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How Did You Survive Childhood?

Being a child means being dependent on others and having little control over what happens to you. If your vulnerability is protected, you spend your childhood learning life-skills that prepare you for adulthood. If you are not protected, you spend your childhood learning survival skills. Adulthood is either thrust on you too soon or catches you unprepared.

Children Work Hard to Get Their Needs Met

All children initially try to get their needs met by crying, demanding, or throwing temper tantrums. In a nurturing environment, the child quickly learns this approach doesn’t work.

In a chaotic environment the child often learns it’s the only thing that works. In an abusive environment, children learn that nothing they do ensures their needs are met consistently, if at all.

A Child Learns What Works and Doesn’t Work

Rather than temper tantrums and tears, a child in a nurturing environment learns that being considerate of others, doing your best, being honest, accepting responsibility, and compromising, are important skills for getting your needs met.

In an abusive or chaotic environment, the above skills don’t necessarily work and they may actually make things worse.

In an unpredictable or unsafe environment, children must learn to adapt and survive. They must focus their energy on trying to keep safe and on coping as best they can. They must struggle to find what works.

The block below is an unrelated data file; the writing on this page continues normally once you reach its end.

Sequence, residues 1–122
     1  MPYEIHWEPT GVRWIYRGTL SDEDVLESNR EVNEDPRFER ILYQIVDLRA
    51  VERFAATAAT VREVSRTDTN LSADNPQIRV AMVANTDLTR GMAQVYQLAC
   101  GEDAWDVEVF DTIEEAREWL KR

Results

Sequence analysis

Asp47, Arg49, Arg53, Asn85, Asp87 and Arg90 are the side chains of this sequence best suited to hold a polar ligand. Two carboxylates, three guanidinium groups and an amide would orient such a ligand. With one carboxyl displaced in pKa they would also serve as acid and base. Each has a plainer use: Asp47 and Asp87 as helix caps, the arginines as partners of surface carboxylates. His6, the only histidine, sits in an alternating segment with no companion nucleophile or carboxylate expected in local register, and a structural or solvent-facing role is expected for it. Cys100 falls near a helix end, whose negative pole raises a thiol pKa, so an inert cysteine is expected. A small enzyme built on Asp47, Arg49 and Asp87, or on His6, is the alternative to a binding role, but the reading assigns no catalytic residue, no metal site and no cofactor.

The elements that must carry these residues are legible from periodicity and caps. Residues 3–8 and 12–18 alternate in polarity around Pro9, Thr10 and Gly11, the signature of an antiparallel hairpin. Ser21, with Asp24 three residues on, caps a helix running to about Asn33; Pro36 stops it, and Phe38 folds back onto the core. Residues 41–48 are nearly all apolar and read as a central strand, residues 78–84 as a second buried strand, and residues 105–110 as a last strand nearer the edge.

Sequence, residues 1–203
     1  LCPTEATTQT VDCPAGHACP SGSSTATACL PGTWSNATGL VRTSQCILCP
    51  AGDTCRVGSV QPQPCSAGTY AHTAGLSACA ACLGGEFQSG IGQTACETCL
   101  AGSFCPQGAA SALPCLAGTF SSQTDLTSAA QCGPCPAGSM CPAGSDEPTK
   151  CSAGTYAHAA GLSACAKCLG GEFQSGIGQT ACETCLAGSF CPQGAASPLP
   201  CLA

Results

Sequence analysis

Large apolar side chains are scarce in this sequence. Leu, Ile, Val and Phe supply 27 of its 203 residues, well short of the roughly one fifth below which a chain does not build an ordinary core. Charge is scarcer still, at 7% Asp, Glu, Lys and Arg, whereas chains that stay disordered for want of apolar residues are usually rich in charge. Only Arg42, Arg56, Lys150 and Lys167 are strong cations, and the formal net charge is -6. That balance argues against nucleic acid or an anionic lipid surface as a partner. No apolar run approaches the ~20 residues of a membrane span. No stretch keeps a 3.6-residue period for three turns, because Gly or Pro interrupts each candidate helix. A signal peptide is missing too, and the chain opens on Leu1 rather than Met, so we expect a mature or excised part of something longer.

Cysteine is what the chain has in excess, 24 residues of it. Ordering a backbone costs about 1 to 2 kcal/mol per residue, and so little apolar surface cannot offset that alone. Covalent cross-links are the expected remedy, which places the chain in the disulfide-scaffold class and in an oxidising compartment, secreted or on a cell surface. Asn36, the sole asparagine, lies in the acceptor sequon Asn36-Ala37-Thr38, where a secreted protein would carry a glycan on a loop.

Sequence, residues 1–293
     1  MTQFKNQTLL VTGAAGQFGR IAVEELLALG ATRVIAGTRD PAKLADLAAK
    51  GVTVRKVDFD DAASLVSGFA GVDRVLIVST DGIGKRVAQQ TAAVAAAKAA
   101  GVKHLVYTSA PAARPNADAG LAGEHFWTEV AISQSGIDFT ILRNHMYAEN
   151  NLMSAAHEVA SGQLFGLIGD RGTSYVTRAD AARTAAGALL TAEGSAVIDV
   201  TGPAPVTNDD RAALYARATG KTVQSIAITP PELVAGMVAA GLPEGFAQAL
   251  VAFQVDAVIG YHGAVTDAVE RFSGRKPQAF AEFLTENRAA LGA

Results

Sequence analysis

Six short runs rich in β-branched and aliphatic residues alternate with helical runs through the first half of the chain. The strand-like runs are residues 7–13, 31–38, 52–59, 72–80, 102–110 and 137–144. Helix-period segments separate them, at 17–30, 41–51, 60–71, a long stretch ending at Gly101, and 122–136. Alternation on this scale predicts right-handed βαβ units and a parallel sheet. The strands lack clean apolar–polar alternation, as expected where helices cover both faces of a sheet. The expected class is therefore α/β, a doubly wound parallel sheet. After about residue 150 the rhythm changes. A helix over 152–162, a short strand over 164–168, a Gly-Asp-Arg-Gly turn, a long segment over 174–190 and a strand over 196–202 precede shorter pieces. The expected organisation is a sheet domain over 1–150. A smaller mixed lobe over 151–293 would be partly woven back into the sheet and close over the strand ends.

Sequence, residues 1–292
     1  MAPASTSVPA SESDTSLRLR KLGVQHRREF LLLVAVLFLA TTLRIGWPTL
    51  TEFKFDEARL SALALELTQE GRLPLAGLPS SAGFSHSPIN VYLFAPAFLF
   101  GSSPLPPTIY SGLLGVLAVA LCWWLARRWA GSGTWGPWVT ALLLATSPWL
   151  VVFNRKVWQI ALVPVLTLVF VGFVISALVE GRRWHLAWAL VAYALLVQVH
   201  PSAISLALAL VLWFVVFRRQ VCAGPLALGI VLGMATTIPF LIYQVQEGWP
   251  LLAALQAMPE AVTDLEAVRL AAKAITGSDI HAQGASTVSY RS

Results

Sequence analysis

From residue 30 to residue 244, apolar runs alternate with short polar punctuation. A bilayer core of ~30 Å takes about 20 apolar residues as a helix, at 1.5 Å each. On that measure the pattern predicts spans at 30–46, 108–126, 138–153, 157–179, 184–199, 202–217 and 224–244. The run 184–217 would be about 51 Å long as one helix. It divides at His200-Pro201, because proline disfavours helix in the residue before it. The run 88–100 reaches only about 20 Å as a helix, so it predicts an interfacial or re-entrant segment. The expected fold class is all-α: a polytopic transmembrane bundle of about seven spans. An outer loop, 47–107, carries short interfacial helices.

Survival Strategies

In an abusive home, many children learn their thoughts, feelings, needs, and wants are not important and speaking up only gets them in trouble. They learn not to question authority and to avoid conflict at all cost. Survival means not showing your true emotions and doing whatever it takes to please others and keep the peace.

The child may be hyper-sensitive to the environment and may become an expert at reading body language and gauging other people’s moods, needs, and wants.

For other children, fighting back is the best way to survive. They learn that being meek and quiet only encourages more abuse. They learn to use anger, manipulation, or tears to gain control and avoid being hurt. They learn that demanding their way is the best way to be heard.

As children, we don’t have the skills or ability to change our circumstances; instead we become experts at understanding and adapting to our environment.

While children may learn strategies to decrease the frequency or intensity of the abuse, there is little they can do to stop it. Even telling another adult is no guarantee the abuse will stop. Given their powerlessness, children must focus on ways to cope.

Coping With the Pain of Abuse

Pain is subjective; a highly sensitive child perceives a situation as more painful than a more resilient child. It is not what happens to you that determines its impact, it is your perception of what happens. If you are being hurt, regardless of how or why, you need to find a way to cope.

Some children cope by shutting themselves off from their emotions and refusing to feel. Others lose themselves in day dreams and ignore what goes on around them and to them.

Some children take on the blame, believing the abuse is their fault. Blaming themselves allows them to continue to love the person who is hurting them, and allows them to make sense of their world.

Other children bury themselves in sports or become top students. Excelling at sports or school gives them recognition and helps them feel better about themselves. High achievements may even decrease abuse at home or among peers.

Older children may engage in suicide attempts, self-injurious behavior, casual sex, or drugs and alcohol to dull the pain. Children young and old may turn to food for comfort.